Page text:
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Open Ranks: Airmen see, Airmen do...

  • Published
  • By Tech. Sgt. Stacy Fowler
  • 386th Air Expeditionary Wing Public Affairs
I know the phrase is supposed to be "monkey see, monkey do," but I think our Airmen are a lot smarter than the smartest monkey (Planet of the Apes doesn't count; that's just Hollywood magic and a lot of CGI).

But the underlying premise is there: our Airmen emulate us, so we need to be sure to keep to our rules, regs and Core Values: Integrity First, Service Before Self and Excellence In All We Do.

The younger Airmen look to us as leaders to follow, and if we're leading them down a spiral of not-adhering-to-standards badness, it's going to be tough to make them stay within regulations.

I'll be the first to admit that I always try to do the right thing, but sometimes even I'm a little late in the mornings because I've hit the snooze button one (or three) too many times, or I'm not as professional as I need to be and will blurt out a four-letter word in front of my troops.

It comes back to "Airmen See, Airmen Do." If I do it, they'll do it too, and that could get them into trouble on down the line; not every supervisor is like me, and their next boss could be a real by-the-book, straight-laced type.

Airmen see us doing it wrong, so they assume it's okay and will do it too. Then they are surprised when they get corrected by me or someone else. We are setting up our Airmen for failure when we show them the wrong way, then turn around and tell them they're wrong when they copy us.

In a deployed environment, it's even more important that we lead the way. I'm not talking about the job; you know your job and I know mine, and unless it looks totally wrong or unsafe I can't judge if you're following the TOs, regs or owner's manuals.

I'm talking about the little things: reflective belts at night, keeping hands out of your pockets, wearing seatbelts...stuff like that. If you have a group of Airmen, NCOs and officers walking around at night, and not one person (or that token one person) is wearing a reflective belt, who should be counseled?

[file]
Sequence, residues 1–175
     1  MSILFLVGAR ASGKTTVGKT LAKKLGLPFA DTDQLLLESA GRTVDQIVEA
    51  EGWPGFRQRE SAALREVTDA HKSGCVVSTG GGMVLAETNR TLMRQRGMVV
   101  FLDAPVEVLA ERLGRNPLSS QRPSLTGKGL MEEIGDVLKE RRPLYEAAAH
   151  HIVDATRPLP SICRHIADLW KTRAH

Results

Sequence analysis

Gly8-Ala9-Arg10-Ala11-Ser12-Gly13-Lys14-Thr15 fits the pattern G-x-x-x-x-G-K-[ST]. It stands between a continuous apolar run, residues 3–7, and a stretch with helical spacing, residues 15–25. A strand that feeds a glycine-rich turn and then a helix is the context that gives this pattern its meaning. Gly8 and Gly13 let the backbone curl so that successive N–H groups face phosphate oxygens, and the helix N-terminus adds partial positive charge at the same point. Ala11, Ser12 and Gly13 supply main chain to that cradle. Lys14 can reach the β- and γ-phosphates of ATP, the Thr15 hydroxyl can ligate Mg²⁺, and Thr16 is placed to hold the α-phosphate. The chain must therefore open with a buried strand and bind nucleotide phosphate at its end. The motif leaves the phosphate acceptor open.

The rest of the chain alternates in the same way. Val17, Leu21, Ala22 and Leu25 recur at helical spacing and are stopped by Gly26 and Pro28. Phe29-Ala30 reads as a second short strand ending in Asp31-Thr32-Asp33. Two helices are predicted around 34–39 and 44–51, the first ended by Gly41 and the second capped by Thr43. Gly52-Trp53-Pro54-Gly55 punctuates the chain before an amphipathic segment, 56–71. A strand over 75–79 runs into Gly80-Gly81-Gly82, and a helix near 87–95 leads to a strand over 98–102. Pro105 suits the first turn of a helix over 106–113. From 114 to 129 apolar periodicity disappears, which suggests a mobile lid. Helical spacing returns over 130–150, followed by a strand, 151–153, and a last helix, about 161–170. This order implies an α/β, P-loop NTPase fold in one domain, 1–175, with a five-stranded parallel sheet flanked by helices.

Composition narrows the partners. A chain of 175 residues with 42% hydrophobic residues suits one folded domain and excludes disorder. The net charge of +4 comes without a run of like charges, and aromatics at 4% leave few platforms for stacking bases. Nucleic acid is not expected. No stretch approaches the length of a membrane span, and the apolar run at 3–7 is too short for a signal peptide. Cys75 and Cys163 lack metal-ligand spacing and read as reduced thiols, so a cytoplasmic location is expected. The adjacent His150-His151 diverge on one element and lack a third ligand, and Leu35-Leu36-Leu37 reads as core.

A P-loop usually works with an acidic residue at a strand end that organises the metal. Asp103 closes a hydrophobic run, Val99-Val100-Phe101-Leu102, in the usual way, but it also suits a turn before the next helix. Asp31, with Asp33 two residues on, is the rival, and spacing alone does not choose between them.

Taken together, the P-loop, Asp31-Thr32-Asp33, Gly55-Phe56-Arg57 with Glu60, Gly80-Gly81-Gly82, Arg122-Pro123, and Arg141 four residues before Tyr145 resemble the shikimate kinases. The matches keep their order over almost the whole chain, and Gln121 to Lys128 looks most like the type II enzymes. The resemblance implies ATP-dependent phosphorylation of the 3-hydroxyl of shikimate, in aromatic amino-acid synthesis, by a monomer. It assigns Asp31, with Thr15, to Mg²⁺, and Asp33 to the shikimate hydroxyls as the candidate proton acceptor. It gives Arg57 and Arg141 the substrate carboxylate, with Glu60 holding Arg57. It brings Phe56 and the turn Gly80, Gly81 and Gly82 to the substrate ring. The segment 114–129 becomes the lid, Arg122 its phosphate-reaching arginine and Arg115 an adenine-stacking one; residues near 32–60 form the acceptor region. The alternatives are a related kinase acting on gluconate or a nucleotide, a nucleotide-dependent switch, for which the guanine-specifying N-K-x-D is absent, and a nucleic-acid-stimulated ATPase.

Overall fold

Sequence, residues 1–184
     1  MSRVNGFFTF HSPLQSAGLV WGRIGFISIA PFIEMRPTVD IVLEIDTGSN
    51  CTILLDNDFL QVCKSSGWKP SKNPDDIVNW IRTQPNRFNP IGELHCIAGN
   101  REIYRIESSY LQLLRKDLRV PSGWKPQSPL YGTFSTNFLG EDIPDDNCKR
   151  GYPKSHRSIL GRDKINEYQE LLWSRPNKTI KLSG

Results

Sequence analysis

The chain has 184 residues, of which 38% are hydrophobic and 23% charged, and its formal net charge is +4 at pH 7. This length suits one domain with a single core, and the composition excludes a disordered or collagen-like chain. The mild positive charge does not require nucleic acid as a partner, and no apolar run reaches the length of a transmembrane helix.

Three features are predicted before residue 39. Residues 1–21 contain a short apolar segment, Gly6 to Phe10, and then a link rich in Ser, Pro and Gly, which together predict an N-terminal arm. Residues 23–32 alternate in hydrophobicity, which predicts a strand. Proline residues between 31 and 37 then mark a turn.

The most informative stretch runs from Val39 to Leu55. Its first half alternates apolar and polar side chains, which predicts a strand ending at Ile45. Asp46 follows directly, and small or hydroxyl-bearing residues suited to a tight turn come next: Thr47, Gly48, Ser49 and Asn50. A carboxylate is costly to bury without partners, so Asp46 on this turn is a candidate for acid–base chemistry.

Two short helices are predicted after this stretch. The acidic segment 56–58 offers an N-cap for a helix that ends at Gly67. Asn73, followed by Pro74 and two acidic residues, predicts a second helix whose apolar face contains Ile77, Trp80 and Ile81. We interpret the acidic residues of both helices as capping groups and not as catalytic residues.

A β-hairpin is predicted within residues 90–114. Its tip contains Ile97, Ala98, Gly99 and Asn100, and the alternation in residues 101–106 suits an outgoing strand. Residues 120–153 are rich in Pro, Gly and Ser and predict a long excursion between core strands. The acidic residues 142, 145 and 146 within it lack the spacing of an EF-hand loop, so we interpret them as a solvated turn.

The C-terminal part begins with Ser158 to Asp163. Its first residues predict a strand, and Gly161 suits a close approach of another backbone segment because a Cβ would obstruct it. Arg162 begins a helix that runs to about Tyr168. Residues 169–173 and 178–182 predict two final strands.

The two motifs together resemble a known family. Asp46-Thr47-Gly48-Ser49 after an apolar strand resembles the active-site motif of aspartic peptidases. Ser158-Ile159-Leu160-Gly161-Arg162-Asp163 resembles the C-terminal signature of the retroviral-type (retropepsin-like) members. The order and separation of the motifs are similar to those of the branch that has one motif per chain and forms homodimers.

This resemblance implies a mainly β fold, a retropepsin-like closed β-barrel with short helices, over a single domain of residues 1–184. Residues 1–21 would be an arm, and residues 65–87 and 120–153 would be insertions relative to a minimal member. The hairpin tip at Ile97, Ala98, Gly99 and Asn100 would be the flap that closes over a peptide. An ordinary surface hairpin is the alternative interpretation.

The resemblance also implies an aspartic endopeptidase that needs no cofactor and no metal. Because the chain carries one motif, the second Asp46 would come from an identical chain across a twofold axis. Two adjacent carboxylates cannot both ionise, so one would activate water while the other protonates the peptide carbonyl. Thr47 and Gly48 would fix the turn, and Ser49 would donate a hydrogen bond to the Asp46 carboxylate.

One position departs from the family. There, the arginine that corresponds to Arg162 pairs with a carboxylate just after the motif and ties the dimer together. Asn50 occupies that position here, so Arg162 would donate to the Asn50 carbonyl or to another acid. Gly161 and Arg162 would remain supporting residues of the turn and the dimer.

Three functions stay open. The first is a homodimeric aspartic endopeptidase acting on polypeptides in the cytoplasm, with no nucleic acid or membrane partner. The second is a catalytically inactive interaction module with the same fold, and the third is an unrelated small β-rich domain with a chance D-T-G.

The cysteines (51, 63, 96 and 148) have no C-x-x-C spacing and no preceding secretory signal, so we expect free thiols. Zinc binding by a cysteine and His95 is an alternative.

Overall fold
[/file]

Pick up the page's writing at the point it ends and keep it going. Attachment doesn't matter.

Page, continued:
Some would say the answer is the Airmen, and that "they should know and already do the right thing." That's only a quater true; the main answer is the supervisor, leader or wingman who just let it slide or didn't correct it immediately.

How should Airmen "know" if something is right or wrong? This is especially important when they see their leadership NOT doing the right thing.

Airmen see, Airmen do.

If an Airman gets called out, six times out of 10 the excuse of "my supervisor was doing it" is the first thing that comes out of their mouth (the other four is "I didn't know," but that's also laid at the feet of their leadership). What's interesting is I've also heard those excuses coming out of the mouths of NCO and officers as well - and these are the people who should know better!

I'm not the only one who notices these things. Chief Master Sgt. Kenui Balutski, our wing command chief, sends out the occasional "Did You Know?" e-mail because he sees something around base that has become, or is becoming, an issue. It's directed at everyone, but we as supervisors should take a moment to ask "am I doing this?" or "am I allowing it?" right along with "are my Airmen doing this?"

If they are - the next question should be: is this a case of Airmen See, Airmen Do?